Gay blood ban proposed
Parliamentarian and Moscow mayoral candidate Mikhail Dyegtyaryov has said parliament should ban blood donations from homosexuals, news agencies said on Monday, upsetting activists angry at a nationwide ban on gay “propaganda.” Dyegtyaryov said the proposed move would help staunch Russia’s HIV-AIDS epidemic. However, many experts say Russia’s high drug addiction rates pose a greater HIV threat. Gay activists say that the propaganda law has increased discrimination and emboldened vigilante-style attacks. Gay rights advocate Yelena Kostyuchenko, who said she regularly gives blood, said on Twitter on Monday that she had been asked to donate that day. “Next time I’ll say: ‘I’m sorry, I’m a lesbian, I don’t deserve to give blood for your family members. Keep looking,’” she wrote.
Illegal migrants rescued
The military yesterday rescued 84 migrants from a large dinghy that was adrift and sinking about 18 nautical miles (33km) from the island, a spokesman said. The migrants, who had alerted the authorities by satellite phone, were transferred onto a patrol boat in rough seas and taken into port. Most of the arrivals are African refugees and migrant workers who crossed the Mediterranean from Libya. This was the first arrival after a lull of almost three weeks. More than 1,000 migrants arrived last month over just a few days, prompting the government to pressure the EU for assistance.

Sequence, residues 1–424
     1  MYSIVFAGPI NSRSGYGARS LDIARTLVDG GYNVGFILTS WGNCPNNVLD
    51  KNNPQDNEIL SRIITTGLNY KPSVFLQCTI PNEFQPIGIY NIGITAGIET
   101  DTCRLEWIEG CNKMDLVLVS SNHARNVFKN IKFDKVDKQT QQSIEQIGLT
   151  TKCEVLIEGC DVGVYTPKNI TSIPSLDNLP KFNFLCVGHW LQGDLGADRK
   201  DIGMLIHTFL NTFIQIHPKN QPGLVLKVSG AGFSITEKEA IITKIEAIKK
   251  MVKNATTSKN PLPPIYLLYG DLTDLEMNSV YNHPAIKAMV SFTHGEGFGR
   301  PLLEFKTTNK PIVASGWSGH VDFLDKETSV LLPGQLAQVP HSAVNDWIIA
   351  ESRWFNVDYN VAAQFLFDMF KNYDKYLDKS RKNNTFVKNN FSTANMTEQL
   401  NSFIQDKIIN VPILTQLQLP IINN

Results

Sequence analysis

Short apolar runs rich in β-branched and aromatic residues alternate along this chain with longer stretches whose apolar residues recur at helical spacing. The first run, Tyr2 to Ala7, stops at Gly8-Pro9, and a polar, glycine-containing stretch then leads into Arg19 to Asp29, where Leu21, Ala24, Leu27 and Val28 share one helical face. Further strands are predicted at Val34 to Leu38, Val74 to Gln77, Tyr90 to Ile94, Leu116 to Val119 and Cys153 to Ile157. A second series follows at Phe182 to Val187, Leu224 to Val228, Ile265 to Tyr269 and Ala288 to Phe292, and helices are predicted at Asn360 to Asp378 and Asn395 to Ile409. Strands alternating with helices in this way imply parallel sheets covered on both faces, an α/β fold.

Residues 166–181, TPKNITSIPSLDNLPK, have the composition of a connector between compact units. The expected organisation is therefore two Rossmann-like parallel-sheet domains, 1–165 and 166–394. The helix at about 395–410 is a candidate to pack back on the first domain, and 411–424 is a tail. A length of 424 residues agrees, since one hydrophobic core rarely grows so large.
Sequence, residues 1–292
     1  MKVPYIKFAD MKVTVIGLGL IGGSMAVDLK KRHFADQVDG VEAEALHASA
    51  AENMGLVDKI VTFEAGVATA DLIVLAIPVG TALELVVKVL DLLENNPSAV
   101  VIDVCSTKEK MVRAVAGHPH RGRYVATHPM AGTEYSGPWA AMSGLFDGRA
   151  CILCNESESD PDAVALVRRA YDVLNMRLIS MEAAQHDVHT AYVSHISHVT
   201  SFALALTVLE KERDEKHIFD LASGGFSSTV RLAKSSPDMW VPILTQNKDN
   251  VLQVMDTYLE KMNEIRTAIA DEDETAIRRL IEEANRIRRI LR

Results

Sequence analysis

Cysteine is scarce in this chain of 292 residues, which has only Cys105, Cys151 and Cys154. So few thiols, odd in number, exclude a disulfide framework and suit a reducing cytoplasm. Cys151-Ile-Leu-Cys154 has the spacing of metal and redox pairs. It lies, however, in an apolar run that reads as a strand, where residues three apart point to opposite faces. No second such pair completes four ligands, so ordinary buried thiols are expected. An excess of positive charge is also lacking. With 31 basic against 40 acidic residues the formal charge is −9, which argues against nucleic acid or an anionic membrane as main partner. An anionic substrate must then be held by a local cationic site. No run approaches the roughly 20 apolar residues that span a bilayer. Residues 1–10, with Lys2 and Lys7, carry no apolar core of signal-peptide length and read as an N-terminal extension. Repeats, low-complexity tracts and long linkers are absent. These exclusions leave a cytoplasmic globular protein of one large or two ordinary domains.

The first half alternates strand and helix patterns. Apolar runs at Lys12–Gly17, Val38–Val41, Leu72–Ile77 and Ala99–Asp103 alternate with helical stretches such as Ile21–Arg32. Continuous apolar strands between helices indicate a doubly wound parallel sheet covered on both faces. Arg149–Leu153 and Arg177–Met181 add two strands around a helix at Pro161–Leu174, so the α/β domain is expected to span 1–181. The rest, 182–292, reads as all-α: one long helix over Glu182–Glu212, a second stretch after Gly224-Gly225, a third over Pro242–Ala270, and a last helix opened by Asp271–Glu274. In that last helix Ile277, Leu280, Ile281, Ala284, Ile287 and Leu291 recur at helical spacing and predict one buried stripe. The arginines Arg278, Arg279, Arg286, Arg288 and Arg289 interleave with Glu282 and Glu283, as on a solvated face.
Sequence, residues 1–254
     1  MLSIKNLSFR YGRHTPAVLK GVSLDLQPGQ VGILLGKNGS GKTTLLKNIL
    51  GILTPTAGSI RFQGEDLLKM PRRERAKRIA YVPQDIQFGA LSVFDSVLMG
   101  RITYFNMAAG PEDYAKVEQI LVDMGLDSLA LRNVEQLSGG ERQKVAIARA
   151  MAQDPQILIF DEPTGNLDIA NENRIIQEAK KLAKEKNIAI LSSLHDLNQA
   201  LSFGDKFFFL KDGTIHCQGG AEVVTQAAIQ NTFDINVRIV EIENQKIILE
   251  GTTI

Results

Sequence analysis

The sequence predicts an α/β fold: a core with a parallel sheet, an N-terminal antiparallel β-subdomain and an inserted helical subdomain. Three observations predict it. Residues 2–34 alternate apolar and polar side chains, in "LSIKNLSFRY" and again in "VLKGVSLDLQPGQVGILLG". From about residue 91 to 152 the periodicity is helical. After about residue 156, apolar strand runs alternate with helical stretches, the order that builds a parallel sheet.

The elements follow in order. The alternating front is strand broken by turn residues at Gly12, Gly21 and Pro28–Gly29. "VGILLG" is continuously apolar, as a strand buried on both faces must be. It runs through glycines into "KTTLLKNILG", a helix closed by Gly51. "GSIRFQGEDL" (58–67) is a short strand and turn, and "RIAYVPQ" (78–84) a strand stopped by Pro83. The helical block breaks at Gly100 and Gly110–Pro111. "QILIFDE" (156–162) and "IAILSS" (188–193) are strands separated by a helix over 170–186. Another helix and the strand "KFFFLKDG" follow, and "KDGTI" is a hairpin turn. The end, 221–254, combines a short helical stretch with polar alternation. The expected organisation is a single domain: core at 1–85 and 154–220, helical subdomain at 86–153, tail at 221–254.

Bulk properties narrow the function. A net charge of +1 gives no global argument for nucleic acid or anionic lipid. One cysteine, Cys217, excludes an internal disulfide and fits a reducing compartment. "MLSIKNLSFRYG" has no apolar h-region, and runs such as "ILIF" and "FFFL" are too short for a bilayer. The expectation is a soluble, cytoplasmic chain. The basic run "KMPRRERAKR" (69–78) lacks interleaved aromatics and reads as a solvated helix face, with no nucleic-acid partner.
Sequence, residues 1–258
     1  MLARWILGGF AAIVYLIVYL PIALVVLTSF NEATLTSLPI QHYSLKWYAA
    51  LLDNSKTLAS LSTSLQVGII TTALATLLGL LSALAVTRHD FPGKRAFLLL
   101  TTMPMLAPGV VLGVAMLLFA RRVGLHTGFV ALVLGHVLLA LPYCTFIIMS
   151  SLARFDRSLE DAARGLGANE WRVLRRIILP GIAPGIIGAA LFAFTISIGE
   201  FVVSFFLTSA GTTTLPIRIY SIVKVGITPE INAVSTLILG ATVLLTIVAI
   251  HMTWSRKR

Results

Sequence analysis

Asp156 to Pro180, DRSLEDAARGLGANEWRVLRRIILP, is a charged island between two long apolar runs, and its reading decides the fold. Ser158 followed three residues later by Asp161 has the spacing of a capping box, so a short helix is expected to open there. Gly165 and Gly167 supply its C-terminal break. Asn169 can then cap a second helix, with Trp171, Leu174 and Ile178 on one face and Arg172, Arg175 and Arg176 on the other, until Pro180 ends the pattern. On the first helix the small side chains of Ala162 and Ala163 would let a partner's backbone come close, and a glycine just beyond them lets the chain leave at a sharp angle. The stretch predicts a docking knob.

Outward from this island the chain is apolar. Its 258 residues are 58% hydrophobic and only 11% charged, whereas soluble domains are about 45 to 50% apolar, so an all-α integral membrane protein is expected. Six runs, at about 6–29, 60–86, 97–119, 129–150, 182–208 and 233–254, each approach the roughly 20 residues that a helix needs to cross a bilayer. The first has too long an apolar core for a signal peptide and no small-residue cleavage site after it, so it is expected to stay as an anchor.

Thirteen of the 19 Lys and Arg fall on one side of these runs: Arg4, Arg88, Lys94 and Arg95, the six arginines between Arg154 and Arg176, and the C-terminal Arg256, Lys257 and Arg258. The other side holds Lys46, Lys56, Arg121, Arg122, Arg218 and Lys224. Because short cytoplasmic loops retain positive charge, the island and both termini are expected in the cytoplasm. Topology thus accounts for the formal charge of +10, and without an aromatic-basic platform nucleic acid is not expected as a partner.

FOX HUNT: To suppress dissent, Chinese living abroad that Xi Jinping sees as threats are told to either return to China or commit suicide, Christopher Wray said Chinese agents have been pursuing hundreds of Chinese nationals living in the US in an effort to force their return, as part of a global campaign against the country’s diaspora, known as Operation Fox Hunt, FBI Director Christopher Wray said on Tuesday. In a speech about the security threat posed by China, during which he said Beijing’s counterintelligence work was the “greatest long-term threat to our nation’s information and intellectual property, and to our economic vitality,” Wray gave the example of one Fox Hunt target who was given a choice of going back to China or killing themselves. Fox Hunt was launched